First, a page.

By Leonard Downie Jr. and Michael Schudson
Monday, October 19, 2009
News reporting that holds accountable those with power and influence has been a vital part of American democratic life, especially in places with daily newspapers profitable enough, and with owners public-spirited enough, to maintain substantial reporting staffs. That journalism is now at risk, along with the advertising-supported economic foundations of newspapers.
American society must now take some collective responsibility for supporting news reporting -- as society has, at much greater expense, for public education, health care, scientific advancement and cultural preservation, through varying combinations of philanthropy, subsidy and government policy. It may not be essential to save or promote any particular news medium, including print newspapers. What is paramount is preserving independent, original, credible reporting, whether or not it is profitable, and regardless of the medium in which it appears.
We do not believe newspapers are going to disappear in print or online anytime soon. But they will have much smaller reporting staffs and play diminished roles. At the same time, the Internet has enabled new ways to gather and distribute news that make possible a reconstruction of American journalism.
Journalists leaving newspapers have started online local news sites in many cities and towns. Others have started nonprofit local investigative reporting projects and community news services at nearby universities, as well as national and statewide nonprofit investigative reporting organizations. Still others are working with local residents to produce neighborhood news blogs. Newspapers themselves are collaborating with other news media, including some of the startups and bloggers, to supplement their smaller reporting staffs.
The ranks of news gatherers now include not only newsroom staffers but also freelancers, university faculty and students, bloggers and citizens armed with smart phones. Financial support for news reporting now comes not only from advertisers and subscribers but also from foundations, philanthropists, universities and citizen donors.
This emerging journalistic ecosystem, in which the gathering and distribution of news is becoming much more widely dispersed, holds great potential. But it is still quite fragile. Accountability journalism in particular requires significant reporting resources with strong professional leadership and reliable financial support, which the marketplace can no longer be expected to sufficiently supply.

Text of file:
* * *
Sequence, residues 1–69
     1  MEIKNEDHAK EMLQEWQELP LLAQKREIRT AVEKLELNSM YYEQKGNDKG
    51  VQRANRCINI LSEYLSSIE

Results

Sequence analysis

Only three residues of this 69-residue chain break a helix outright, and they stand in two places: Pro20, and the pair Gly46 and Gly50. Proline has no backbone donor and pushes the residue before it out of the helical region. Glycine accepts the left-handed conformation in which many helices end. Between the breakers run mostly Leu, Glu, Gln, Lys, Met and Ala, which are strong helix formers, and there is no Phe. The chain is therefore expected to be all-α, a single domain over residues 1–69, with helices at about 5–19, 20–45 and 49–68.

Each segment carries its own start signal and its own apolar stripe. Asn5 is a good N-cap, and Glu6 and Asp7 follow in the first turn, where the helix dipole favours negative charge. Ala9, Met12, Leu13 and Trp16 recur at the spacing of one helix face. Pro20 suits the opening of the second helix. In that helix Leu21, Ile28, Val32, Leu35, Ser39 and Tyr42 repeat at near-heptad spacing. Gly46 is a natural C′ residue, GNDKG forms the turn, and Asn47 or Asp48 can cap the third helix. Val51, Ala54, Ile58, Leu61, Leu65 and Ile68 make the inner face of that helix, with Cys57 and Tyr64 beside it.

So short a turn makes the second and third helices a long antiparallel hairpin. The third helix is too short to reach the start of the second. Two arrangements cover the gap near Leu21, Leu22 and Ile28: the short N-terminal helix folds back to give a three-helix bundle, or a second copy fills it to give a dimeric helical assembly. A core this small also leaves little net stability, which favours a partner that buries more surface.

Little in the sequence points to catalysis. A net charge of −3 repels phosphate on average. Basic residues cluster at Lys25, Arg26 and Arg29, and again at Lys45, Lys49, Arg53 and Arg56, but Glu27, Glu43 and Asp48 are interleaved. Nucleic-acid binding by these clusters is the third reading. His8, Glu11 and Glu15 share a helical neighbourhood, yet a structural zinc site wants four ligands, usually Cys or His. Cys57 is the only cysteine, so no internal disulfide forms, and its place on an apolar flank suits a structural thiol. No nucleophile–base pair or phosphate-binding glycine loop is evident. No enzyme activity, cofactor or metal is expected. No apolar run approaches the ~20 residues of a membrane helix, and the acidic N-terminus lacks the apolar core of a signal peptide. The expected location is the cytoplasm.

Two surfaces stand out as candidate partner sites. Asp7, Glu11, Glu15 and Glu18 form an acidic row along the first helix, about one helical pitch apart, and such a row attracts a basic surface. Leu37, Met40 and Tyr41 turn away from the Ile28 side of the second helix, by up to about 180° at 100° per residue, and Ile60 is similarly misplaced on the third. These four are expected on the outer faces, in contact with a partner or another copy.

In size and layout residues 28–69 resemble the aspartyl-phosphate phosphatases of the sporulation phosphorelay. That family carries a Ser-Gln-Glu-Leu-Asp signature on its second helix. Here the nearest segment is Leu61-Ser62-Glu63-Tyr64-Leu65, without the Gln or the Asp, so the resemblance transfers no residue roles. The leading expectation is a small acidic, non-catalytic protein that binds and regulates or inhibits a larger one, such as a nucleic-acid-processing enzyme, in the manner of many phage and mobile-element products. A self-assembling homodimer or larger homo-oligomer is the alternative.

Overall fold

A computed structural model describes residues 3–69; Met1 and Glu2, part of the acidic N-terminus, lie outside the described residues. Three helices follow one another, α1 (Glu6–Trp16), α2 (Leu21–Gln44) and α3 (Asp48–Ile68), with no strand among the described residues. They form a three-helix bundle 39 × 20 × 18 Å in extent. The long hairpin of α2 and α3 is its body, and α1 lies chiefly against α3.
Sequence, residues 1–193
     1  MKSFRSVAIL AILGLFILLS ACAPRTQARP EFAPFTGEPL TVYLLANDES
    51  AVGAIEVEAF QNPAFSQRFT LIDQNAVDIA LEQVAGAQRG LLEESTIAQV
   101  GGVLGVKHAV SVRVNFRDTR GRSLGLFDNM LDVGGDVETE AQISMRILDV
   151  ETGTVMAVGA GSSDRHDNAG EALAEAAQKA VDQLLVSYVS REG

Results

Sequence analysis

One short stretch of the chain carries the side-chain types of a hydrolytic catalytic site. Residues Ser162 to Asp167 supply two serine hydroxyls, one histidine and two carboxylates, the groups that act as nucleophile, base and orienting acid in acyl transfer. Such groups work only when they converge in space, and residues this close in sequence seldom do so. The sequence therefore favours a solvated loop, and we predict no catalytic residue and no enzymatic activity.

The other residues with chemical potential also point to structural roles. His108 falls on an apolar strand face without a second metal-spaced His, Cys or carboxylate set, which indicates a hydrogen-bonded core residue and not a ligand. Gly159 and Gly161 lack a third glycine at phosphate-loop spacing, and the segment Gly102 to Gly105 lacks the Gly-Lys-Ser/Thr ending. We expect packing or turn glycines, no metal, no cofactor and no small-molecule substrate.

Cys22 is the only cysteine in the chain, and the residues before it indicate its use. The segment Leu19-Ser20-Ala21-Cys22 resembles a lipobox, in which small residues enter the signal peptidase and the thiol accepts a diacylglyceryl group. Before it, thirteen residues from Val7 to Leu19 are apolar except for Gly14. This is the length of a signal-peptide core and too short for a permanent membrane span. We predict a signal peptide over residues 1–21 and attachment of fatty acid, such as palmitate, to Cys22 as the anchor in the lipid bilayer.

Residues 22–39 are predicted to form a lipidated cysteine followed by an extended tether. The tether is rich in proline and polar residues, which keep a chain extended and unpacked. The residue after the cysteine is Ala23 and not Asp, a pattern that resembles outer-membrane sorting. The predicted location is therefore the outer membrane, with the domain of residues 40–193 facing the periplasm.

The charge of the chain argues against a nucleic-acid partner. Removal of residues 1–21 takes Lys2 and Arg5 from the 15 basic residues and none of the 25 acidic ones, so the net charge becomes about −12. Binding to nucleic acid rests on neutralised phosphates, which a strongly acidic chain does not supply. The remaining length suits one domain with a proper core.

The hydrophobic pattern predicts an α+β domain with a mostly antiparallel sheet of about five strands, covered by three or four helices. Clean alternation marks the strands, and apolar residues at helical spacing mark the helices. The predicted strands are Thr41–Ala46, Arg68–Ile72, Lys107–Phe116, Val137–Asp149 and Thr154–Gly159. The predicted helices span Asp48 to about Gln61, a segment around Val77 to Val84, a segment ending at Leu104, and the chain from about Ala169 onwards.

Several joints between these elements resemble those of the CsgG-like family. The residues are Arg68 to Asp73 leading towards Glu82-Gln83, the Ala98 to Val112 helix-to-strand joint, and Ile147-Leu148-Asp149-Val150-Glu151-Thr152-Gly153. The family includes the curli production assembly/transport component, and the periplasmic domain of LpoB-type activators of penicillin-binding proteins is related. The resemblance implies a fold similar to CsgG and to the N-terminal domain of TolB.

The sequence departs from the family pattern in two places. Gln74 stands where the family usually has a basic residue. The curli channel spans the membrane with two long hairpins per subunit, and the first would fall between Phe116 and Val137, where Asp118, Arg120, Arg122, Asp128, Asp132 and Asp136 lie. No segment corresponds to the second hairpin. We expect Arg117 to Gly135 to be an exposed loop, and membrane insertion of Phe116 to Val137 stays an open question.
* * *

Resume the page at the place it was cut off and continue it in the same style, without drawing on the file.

Rather than depending primarily on shrinking newspapers, communities should have a range of diverse sources of news reporting. They should include commercial and nonprofit news organizations that can both compete and collaborate with one another, adapting traditional journalistic forms to the multimedia, interactive capabilities of digital communication. In a comprehensive report commissioned by the Columbia University Journalism School, "The Reconstruction of American Journalism," to be published this week, we suggest a number of public sources of support for this news reporting:
-- The Internal Revenue Service or Congress should clarify tax regulations to explicitly allow new or existing local news organizations to operate as nonprofit or low-profit entities, allowing them to receive tax-deductible donations, along with advertising revenue and other income.
-- Philanthropists and foundations should substantially increase support for local news reporting -- at both commercial and nonprofit organizations -- to levels they provide for arts, cultural and educational institutions.
-- Public radio and television should be substantially reoriented, through action by and reform of the Corporation for Public Broadcasting, to provide significant local news reporting in every community served by public stations -- reporting that too few of them do now.
-- Universities and colleges should become institutional sources of local, state and accountability news reporting, following the lead of pioneering journalism schools whose faculty and student journalists staff community news and investigative reporting Web sites.
-- A national Fund for Local News should be created with fees the Federal Communications Commission collects from or could impose on telecom users, broadcast licensees or Internet service providers. Grants should be made competitively by independent state Local News Fund Councils to local news organizations for innovations in local news reporting and ways to support it.
-- Governments, nonprofit organizations and journalists should increase the accessibility and usefulness of public information collected by federal, state and local governments, taking advantage of digital tools to analyze and use it for news reporting.
These are reasonable and achievable measures. They require only leadership in journalism, philanthropy, higher education, government and the rest of society to seize this moment of challenging changes and new beginnings in the media to ensure the future of news reporting.
Leonard Downie Jr. is vice president at large and former executive editor of The Washington Post and professor of journalism at Arizona State University. Michael Schudson is professor of communication at Columbia University's School of Journalism. The full report on which this article is based will be available starting Tuesday at http://www.columbiajournalismreport.org and at http://www.cjr.org.